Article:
Kent Allen Womack operates Woodhaven Senior Living in Dade County, Georgia. He was arrested and transported to the Dade County Jail, where he has been charged with cruelty to persons over the age of 65. He is also on an investigative hold pending further charges. Photo courtesy of Dade County Sheriff.
The sheriff said his office was called on Monday by a family member who reported that the owner announced all the residents were being evicted and had to be out of the facility within an hour. The residents are frail, disabled people between ages 61 and 97.
State inspectors from the Georgia Department of Community Health had found a long list of serious infractions at the home during a 2019 complaint investigation, but the home was allowed to remain open. The home reeked of urine, was understaffed and workers weren’t properly trained. Residents with dementia or serious illnesses that required constant assistance weren’t properly monitored or cared for in a home where a single staff member had to attend to 12 residents, Residents developed bedsores, wandered, or weren’t checked frequently. They remained in soiled clothes or even on the floor waiting for help due to the understaffing, the inspector noted.
State records show that a state inspector also checked out a complaint against the facility in May 2020 but did not cite the home for any rule violations. A spokeswoman would not reveal the nature of the 2020 complaint on Wednesday, saying the AJC would have to file a request under the Georgia Open Records Act to obtain information. She said the state had not received prior complaints or information about the lack of air conditioning for the residents. “We are now investigating these allegations,” she said.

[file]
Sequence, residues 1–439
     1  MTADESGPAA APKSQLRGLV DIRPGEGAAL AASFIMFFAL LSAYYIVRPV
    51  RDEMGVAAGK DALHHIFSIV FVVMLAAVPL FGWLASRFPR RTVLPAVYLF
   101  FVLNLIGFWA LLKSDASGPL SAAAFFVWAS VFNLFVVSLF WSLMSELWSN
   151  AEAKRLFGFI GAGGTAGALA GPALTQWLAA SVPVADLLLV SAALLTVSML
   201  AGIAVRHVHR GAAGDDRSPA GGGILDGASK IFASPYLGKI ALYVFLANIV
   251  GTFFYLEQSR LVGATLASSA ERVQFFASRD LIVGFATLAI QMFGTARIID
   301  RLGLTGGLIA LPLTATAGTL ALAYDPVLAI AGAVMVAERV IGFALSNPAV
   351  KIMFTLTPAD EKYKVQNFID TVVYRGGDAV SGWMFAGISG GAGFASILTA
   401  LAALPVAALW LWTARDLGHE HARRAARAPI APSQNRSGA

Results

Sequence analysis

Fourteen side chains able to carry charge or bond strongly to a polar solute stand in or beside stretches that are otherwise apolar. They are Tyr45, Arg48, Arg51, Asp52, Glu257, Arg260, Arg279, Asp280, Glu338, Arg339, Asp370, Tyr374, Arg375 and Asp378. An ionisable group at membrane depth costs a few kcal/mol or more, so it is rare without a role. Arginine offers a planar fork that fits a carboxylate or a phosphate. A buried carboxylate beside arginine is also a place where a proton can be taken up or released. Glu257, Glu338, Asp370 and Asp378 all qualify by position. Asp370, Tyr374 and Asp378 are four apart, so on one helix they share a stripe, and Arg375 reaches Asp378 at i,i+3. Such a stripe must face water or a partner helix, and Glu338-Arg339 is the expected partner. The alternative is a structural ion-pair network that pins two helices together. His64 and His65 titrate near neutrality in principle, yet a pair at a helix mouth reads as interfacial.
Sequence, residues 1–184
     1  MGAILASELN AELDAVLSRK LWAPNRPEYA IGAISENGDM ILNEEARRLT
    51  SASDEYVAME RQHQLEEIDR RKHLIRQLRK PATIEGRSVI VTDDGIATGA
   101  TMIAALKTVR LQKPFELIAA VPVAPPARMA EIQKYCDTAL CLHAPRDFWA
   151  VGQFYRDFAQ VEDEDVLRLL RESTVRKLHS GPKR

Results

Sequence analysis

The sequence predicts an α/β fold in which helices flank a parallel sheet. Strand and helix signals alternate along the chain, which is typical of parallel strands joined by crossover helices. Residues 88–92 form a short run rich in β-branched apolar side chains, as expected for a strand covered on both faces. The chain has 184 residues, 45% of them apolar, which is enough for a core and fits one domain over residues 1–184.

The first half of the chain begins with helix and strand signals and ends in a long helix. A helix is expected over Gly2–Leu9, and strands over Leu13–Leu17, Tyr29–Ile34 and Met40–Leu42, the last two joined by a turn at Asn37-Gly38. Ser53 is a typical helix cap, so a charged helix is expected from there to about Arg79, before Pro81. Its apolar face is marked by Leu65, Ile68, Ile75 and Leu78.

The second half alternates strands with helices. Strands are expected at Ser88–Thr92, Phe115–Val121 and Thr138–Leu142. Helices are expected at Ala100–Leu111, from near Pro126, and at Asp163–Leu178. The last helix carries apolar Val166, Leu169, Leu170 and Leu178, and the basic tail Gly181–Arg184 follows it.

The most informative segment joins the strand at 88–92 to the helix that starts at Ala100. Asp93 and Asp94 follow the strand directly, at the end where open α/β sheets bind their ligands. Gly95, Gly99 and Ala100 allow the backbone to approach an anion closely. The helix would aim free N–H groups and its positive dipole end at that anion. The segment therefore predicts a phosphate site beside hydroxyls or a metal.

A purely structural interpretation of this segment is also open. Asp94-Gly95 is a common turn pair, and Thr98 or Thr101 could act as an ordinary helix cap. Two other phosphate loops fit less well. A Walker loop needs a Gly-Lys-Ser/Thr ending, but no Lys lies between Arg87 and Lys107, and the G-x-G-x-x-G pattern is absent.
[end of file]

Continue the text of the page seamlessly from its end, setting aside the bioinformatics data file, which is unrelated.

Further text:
An Atlanta Journal-Constitution investigation of Georgia’s senior care industry published in 2019 found that homes are often understaffed and workers routinely lack training. While the state passed a new slate of laws in response to the series, advocates say more needs to be done.
“It’s important to note that the problems with this home pre-date the pandemic and weren’t addressed two years ago,” said Kathy Floyd, executive director of the Georgia Council on Aging. “If Georgians are horrified by this story, they need to let lawmakers know. GCOA has lobbied for improvements, but Georgians need to make better care for the elderly a priority.”